After almost fifteen years in car refinishing business, I have heard quite a few myths. I bring to your attention 15 myths about products and not only, which have been proved to be wrong.
Myth #1. HVLP spray guns are the only professional’s choice for quality paint applications. Not really! LVLP, Reduced Pressure or Trans-Tech technology are all great alternatives.
Myth #2. Waterborne paints are safe, so no special breathing or skin protection is necessary. Wrong! Same measures for personal safety must be applied.
Myth #3. Using a thinner as cleaner makes the same job as degreaser. Not really! Thinner will dry too fast, just spreading dirt and oil around, while leaving some thin film.
Myth #4. Polyester filler with aluminum particles is designed for aluminum car parts. Not only! It can be applied on a number of materials, including iron, bear metal, galvanized steel and GRP.
Myth #5. Resin on top of polyester filler means it has expired or it is of bad quality. Wrong! Resin separation is natural thing. Too dry product means that a producer saved on expensive resin. However, adequate mixing before application is required.
Myth #6. If polyester filler is applied, anticorrosive protection of the surface beneath it is guaranteed. Completely wrong! In fact, polyester putty absorbs moisture. Wash primer must be applied after (not before) filler application or epoxy primer, which can be used both as underneath layer and as primer on top of the polyester filler.
Myth #7. The most important and expensive component of coated abrasive paper is the abrasive mineral used. Not really! The most expensive and technologically important component is the backing (paper in our case).
Myth #8. Soaking your spray gun in thinner overnight will help to clean you gun from dried paint. Damn wrong! Leaving your spray gun for a long time in such an aggressive liquid will damage all plastic seals and valves.
Myth #9. Half mask with cartridge filters offer full protection for automotive paint application. Wrong! Half masks protect from organic vapors and air-borne particles, but not from isocyanate. Only air-fed respirators provide adequate full respiratory protection during automotive paint application.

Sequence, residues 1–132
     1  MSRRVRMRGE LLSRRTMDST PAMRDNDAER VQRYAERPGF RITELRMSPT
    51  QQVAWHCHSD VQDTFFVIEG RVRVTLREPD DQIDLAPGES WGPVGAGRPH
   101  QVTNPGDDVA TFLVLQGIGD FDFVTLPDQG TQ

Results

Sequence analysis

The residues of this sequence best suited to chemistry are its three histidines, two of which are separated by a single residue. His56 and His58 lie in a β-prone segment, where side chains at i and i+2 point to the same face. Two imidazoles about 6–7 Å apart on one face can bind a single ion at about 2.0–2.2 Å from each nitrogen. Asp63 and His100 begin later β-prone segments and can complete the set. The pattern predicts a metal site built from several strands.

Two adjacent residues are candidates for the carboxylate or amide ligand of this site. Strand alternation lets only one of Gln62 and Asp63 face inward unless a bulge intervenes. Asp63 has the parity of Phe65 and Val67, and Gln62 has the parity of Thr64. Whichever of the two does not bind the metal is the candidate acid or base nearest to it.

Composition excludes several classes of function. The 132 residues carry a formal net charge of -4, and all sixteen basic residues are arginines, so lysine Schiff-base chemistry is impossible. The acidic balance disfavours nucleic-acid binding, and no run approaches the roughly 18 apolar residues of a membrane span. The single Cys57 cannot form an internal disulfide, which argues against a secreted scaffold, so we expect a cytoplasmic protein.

Myth #10. Holograms and swirl marks on the dark colours mean that a polishing compound is of bad quality. Questionable! Holograms or swirl marks are mainly caused by either using too aggressive compound as the finishing step or by using dirty or inappropriate polishing pad (wool pad, for example, may cause swirl marks on dark colour).
Myth #11. High quality painting materials will work in any bodyshop and under any circumstances. Absolutely not! Final result of a body repair job depends a lot on the application conditions (cleanliness, humidity, temperature) and on painter’s working techniques and competence.
Myth #12. The more cars (or parts) I spray, the better my bodyshop is doing. Not always so! You could have a great vehicles turnover in a bodyshop, but profit (what is left after all expenses and costs incurred are paid) is the key parameter to measure success of a collision repair business.
Myth #13. We are providing top quality refinishing job, so we don’t really need to advertise ourselves. Not exactly! Every business needs some kind of advertising or marketing support. Word of mouth is a great way of providing credibility for your bodyshop, but it doesn’t guarantee that your potential customer will find you when she needs your services.
Myth #14. My bodyshop is running over capacity, so I don’t need to advertise either. False! Even if you are not planning to grow or expand your output capacity, you still need to promote business to attract more profitable customers. For example, if you are overwhelmed with repairing vehicles for a large rent-a-car company at low rates, you may still need promotion to attract customers with better profit per vehicle ration. Moreover, losing one big customer may leave your bodyshop in trouble overnight.
Myth #15. I am loyal to my current supplier/jobber, so I don’t consider any offers from others. Not good! Loyalty is a great thing in business, however being faithful partner and being up-to-date with new materials and offers are not necessarily contradictory things. Losing the touch with the industry’s tendencies and novelties may easily impair a bodyshop’s competitive edge.
As John Maxwell said: “Make a point to continually search for a better way of doing things, even when things are going well, to ensure that a better alternative has not been overlooked and to keep your creative talents in practice.”